“A Tomb for Gershom Scholem,” pays tribute with an elegiac question: “will they recall that you are also a poet / who defends the angels standing in judgment / before you lay them to rest in your history of light?” Written on the tenth anniversary of Scholem’s passing, Finkelstein contrasts his mentor’s contribution to those who popularized, exploited or misread him by invok- ing the merkabah, the meditation on God’s Throne.

The ghosts from Paris, from Prague, from Vienna circle warily around the merkabah.
You cannot fend them off: they are parts of you. They are sparks returning, completing a movement Which you thought would never come to rest.

It can never come to rest: there are folds within folds, and each fold is a throne, and each throne is a world, each world is a word.

We might use this language to describe a poem, the lines that compose it, words in the line and letters in the words—the world enthroned, becom- ing conscious of itself. But lest we become comfortable with this notion, are reminded that the repair work of consciousness involves forgetting what has been remembered, “a ritual of remembrance / performed around the
spaces / which oblivion has seized.” It is necessary to forget in order to remember...

the numinous objects
that must remain unnamed like faces in shadow

the faces in shadow
on the border of recognition —they too must fade away.

(A Dinnertime Interlude)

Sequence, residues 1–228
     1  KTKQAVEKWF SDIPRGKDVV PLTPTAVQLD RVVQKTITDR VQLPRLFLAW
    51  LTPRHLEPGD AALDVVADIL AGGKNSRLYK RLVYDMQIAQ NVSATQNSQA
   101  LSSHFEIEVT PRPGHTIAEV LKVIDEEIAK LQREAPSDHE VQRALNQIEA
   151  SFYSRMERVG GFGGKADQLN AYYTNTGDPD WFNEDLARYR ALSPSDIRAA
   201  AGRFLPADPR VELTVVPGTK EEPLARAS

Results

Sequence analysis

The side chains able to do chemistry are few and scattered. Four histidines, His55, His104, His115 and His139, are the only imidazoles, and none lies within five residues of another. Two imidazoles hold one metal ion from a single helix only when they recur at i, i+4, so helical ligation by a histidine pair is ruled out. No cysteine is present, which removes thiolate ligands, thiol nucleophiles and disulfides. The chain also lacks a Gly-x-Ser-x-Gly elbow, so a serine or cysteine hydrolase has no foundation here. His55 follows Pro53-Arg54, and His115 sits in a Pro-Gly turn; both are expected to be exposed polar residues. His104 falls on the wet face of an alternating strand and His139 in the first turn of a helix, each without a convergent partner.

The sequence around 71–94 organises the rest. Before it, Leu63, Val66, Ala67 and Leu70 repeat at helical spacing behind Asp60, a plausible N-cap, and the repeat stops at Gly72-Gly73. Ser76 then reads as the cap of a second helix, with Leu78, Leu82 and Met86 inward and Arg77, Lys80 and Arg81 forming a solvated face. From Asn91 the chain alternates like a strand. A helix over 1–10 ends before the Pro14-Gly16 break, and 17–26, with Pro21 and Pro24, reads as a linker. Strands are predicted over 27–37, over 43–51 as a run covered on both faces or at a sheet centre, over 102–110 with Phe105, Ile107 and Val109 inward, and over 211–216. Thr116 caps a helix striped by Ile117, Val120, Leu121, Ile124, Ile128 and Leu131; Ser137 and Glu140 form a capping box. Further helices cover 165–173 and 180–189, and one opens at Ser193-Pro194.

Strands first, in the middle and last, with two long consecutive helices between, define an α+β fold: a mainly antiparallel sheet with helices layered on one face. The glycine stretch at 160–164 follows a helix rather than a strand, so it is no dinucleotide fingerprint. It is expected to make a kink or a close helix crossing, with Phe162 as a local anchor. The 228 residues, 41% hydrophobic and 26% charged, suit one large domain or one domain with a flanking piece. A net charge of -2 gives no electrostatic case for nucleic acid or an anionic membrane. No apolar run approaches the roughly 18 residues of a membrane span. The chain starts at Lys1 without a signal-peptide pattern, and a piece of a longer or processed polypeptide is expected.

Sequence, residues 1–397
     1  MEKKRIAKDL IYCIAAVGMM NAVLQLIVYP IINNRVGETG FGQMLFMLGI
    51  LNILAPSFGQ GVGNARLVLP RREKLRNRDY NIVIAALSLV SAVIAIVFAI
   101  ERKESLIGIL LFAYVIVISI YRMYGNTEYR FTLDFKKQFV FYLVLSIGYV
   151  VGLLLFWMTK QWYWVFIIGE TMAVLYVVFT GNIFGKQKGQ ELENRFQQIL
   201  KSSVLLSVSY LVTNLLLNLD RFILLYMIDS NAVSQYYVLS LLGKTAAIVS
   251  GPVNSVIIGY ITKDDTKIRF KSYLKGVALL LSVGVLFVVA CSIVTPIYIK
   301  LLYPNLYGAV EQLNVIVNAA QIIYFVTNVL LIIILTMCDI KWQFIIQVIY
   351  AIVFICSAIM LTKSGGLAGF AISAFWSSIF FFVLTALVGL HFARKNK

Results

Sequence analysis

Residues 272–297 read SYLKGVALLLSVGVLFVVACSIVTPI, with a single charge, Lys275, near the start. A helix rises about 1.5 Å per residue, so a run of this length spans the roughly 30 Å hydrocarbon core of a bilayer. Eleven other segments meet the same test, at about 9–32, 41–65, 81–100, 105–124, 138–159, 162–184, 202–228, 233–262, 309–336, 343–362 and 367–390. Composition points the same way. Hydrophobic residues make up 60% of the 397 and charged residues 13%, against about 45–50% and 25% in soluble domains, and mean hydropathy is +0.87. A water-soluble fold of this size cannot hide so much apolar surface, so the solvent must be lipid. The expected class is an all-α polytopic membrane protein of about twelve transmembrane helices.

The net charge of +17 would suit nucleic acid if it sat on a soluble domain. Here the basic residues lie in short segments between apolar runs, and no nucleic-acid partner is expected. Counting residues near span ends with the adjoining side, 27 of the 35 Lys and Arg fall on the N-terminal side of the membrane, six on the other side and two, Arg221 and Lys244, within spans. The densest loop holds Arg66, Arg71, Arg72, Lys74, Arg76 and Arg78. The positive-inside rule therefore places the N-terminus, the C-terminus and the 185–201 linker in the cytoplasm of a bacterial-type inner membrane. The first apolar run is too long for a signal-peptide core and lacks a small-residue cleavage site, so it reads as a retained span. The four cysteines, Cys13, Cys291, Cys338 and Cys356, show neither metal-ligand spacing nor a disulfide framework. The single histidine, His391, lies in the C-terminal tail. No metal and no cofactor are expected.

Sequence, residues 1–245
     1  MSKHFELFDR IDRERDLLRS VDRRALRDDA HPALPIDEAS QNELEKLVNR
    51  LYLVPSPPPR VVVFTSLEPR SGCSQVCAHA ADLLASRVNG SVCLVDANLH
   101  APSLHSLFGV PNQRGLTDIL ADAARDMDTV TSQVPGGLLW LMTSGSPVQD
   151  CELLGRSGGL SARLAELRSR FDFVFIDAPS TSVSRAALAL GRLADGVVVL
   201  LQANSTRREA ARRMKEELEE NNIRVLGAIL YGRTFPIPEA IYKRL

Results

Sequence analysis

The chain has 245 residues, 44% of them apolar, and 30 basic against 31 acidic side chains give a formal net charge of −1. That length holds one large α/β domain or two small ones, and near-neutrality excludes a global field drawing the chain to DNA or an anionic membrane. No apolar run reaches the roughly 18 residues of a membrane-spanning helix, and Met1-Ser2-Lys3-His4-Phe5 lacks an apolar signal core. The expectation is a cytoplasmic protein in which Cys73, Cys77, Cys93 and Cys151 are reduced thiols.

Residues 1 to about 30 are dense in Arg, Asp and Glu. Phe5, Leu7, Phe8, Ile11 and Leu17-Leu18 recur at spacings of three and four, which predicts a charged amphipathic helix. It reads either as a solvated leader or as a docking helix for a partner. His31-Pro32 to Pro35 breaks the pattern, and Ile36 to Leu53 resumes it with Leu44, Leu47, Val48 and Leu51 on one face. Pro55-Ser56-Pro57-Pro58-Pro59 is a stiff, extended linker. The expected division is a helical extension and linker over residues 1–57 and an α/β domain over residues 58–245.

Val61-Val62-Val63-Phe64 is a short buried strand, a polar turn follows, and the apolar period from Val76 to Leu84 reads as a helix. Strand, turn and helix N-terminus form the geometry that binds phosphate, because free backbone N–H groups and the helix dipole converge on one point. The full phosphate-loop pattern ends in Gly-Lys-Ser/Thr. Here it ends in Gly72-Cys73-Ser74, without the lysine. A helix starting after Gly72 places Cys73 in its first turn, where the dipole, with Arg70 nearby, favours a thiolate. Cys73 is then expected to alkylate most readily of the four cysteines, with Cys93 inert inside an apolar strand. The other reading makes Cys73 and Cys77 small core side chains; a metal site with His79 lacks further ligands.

It is a shadow-dance of faces that emerge and dissolve. We are wrapped in contradictions. The Zohar tells us that to repair the world we must integrate the furthest pole, absorb the wholly other: There is no true worship lest it

mized the scholarly study of Kabbalah and celebrated “the revival of mythi- cal consciousness.” Few metaphors capture the human condition better than the container that shatters because it cannot hold the light of creation. The desire to repair ourselves and the world are one and the same. Finkelstein inherits this poetic legacy.

“A Tomb for Gershom Scholem,” pays tribute with an elegiac question: “will they recall that you are also a poet / who defends the angels standing in judgment / before you lay them to rest in your history of light?” Written on the tenth anniversary of Scholem’s passing, Finkelstein contrasts his mentor’s contribution to those who popularized, exploited or misread him by invok- ing the merkabah, the meditation on God’s Throne.

The ghosts from Paris, from Prague, from Vienna circle warily around the merkabah.
You cannot fend them off: they are parts of you. They are sparks returning, completing a movement Which you thought would never come to rest.

It can never come to rest: there are folds within folds, and each fold is a throne, and each throne is a world, each world is a word.

We might use this language to describe a poem, the lines that compose it, words in the line and letters in the words—the world enthroned, becom- ing conscious of itself. But lest we become comfortable with this notion, are reminded that the repair work of consciousness involves forgetting what has been remembered, “a ritual of remembrance / performed around the
spaces / which oblivion has seized.” It is necessary to forget in order to remember...

the numinous objects
that must remain unnamed like faces in shadow

the faces in shadow
on the border of recognition —they too must fade away.

(A Dinnertime Interlude)

It is a shadow-dance of faces that emerge and dissolve. We are wrapped in contradictions. The Zohar tells us that to repair the world we must integrate the furthest pole, absorb the wholly other: There is no true worship lest it

issue forth from darkness. In what may be the most moving response to this condition, the poet sings: